Paul Lombardi dies at 82

Paul Lombardi Jr., former DynCorp CEO and industry leader, has died at 82.

Paul Lombardi Jr., former DynCorp CEO and industry leader, has died at 82.

The former DynCorp CEO leaves a wide-reaching legacy as a business leader, friend, mentor and family-centric man.

The government market has lost one of its legendary leaders with the death on New Year’s Day of Paul Lombardi Jr. at age 82.

He is best known for his tenure as CEO of DynCorp, a company he helped lead from 1992 until it was acquired by Computer Sciences Corp. in 2003 for $914 million. He is credited with building the IT side of the business from zero to more than $1 billion in annual revenue.

DynCorp's annual revenue was $2.3 billion at the time of its sale to CSC, split between technical services and IT.

Lombardi told WT at the time that even with that scale, he thought DynCorp was too small and recommended to the board that they find a buyer.

Lombardi will be remembered for much more than his business acumen. As his son Paul Lombardi III so eloquently describes in a LinkedIn tribute, his father was a “brilliant leader, a titan of industry and pillar of his community. … Most importantly, he was a caring and devoted husband and a proud father and grandfather.”

I count myself lucky to say I knew him. While it has been some time since we spoke, I have fond memories of our conversations over the years, both on the record and off.

I still laugh when thinking about the story he told me of his parents’ chagrin when he got a job working at a funeral home with a crematorium. It wasn’t something a good Catholic boy did in those days.

There is no doubt about how smart Lombardi was, but there was no arrogance or haughtiness to him. He remained in many ways the kid from New York, who always had a good story to tell. He was the kind of guy you’d want to split a bottle of wine with over a good meal. Because you know you’d learn something and laugh.

The tributes that have poured into the younger Lombardi’s LinkedIn page leave little doubt about his father’s legacy and how people felt about him, with many of them calling him a mentor.

Charlene Wheeless was the vice president of communications at DynCorp and worked closely with Lombardi for a decade.

“He was one of the best leaders and mentors to have come into my life,” she told me via email. “He taught me through words and actions the power of believing in someone and trusting them to do the right thing by you.”

Lombardi’s influence was far-reaching and long lasting.

“He launched too many careers to count and there are many of us who owe at least some part of our success to him. He will be forever missed and forever remembered,” Wheeless said.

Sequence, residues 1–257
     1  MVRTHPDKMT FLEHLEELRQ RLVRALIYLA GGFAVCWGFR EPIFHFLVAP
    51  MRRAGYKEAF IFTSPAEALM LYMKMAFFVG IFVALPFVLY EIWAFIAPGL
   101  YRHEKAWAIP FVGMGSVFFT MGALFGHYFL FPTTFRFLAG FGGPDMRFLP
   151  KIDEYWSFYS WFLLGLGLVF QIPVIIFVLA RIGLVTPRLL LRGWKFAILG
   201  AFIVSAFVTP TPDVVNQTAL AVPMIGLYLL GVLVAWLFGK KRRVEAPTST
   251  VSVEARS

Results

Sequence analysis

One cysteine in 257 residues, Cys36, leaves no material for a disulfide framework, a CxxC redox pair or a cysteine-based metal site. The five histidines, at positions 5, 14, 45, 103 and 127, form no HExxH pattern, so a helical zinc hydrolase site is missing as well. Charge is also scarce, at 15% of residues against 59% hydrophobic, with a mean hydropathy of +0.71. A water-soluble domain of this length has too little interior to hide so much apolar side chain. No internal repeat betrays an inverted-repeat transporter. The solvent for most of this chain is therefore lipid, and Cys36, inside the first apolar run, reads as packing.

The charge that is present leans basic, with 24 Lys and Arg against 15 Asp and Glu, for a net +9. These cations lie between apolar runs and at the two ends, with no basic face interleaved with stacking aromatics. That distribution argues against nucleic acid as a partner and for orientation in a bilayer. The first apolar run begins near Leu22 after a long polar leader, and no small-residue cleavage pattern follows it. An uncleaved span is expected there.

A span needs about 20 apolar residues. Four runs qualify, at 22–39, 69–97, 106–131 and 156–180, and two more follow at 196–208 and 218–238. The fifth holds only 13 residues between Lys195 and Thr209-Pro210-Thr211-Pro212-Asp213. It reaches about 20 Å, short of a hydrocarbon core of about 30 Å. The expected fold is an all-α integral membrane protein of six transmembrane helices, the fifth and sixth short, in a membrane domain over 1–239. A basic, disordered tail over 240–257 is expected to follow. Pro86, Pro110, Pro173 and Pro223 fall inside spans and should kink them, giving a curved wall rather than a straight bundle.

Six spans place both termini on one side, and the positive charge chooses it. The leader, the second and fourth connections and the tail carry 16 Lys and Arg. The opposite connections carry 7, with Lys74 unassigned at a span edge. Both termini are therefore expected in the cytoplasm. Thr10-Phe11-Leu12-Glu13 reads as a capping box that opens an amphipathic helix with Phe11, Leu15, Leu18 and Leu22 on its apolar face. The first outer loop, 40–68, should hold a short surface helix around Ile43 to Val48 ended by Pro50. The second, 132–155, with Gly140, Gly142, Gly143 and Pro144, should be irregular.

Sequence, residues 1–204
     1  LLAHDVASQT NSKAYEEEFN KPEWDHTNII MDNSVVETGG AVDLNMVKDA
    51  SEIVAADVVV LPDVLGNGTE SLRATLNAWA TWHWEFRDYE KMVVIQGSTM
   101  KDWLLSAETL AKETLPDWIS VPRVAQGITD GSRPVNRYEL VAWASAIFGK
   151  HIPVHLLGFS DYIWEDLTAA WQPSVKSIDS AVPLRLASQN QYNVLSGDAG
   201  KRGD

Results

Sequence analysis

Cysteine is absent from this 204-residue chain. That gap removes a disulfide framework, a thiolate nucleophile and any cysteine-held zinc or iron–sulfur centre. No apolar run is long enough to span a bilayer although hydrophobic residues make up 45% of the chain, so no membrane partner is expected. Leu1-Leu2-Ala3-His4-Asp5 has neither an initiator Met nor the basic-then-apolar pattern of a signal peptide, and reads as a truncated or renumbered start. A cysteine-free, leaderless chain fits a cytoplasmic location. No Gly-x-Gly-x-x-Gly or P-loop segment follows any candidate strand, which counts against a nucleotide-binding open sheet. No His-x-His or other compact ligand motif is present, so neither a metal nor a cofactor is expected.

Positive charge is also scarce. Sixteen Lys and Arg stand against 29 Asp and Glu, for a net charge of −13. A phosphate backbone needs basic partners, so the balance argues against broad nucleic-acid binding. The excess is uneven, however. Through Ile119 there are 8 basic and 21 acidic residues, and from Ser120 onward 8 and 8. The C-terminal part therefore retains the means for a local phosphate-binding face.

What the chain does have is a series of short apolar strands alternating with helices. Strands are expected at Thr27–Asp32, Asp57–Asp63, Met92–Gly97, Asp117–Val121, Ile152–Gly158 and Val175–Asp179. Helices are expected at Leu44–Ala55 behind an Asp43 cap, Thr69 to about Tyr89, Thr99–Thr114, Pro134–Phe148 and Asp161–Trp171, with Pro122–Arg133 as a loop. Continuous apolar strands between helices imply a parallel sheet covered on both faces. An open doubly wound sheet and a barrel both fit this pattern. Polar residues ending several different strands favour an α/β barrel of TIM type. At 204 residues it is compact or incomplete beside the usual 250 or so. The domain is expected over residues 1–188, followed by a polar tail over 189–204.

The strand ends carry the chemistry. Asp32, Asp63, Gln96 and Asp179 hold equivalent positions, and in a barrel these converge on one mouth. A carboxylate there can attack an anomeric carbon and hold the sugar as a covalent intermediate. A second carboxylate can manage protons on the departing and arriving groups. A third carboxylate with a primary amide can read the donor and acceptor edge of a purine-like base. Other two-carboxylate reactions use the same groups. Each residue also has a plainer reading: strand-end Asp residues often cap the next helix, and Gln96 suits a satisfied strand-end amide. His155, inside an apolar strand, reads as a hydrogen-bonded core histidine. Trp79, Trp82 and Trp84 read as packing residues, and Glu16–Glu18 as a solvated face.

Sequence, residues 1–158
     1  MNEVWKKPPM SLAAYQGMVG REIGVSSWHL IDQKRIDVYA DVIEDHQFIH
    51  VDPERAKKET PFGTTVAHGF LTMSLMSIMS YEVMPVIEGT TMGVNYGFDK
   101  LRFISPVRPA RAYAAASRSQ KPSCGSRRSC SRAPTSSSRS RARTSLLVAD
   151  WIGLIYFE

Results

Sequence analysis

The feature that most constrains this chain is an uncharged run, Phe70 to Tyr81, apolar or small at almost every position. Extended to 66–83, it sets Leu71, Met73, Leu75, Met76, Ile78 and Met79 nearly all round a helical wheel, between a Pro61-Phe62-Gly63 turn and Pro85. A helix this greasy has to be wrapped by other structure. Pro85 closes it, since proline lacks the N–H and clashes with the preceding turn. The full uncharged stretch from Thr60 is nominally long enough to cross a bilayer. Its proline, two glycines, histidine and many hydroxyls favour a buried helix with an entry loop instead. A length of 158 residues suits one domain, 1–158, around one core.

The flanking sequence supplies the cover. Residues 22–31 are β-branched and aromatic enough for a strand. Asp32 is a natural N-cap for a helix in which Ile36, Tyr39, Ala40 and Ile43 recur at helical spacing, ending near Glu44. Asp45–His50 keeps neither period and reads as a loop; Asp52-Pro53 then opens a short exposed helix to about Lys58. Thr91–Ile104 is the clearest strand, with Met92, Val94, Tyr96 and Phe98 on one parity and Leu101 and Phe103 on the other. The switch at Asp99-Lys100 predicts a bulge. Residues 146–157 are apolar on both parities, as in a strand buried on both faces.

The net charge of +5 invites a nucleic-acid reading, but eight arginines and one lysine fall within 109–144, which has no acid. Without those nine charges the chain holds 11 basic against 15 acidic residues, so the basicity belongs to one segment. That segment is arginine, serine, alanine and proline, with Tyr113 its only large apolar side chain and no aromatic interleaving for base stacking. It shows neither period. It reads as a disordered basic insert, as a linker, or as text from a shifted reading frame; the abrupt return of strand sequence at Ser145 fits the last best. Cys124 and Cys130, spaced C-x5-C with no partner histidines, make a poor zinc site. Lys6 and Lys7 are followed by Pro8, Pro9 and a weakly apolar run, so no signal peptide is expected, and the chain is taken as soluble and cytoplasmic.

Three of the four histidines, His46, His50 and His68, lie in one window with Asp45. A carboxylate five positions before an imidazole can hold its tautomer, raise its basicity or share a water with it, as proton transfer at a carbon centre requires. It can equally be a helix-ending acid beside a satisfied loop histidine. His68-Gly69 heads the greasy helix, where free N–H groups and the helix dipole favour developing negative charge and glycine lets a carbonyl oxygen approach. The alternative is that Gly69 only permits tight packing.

“He touched so many people. I considered him a friend, a mentor and an inspiration,” wrote Donna Morea, chair of the board for Science Applications International Corp. and a former senior executive at the CGI Group.

Among many activities in his so-called retirement, Lombardi served on the board for CGI’s federal business. He also was on the board of the Northern Virginia Technology Council and served as chair of the Professional Services Council.

In 2015, he was inducted into the Greater Washington Government Contractor Awards Hall of Fame.

“He was a dear friend, a mentor, the reason I went to PSC after leaving the Pentagon, and a true icon. A very special man,” wrote Stan Soloway, who was the president of PSC for 15 years.

“Your father taught me a great deal and was a trusted advisor for a significant time in my career. His influence will live on forever,” wrote Tim Hurlebaus, president of U.S. commercial and state government at CGI.

Lombardi was born on Nov. 11, 1941, in Brooklyn, New York. He graduated from Ardsley High School in 1959. He was the first in his family to attend college and studied mechanical engineering at State University of New York, Maritime College.

He began his public sector career inside government, working for the Navy and the Energy Department. When he left government, he went to work at Advanced Technology and Planning Research Corp. before joining DynCorp.

He married Trudy Lee Wagner in 1970. His wife and two children Paul Lombardi III and Cara Lombardi are among the survivors that also include four grandchildren, a brother, sisters-in-law, nieces and nephews.

A funeral will be held at 11 a.m. on Jan. 19 at St. John Neumann Catholic Church in Reston, Virginia.

Flowers can be sent to the church. Or in lieu of flowers, donations may be made to St. Jude’s Children’s Hospital by following this link.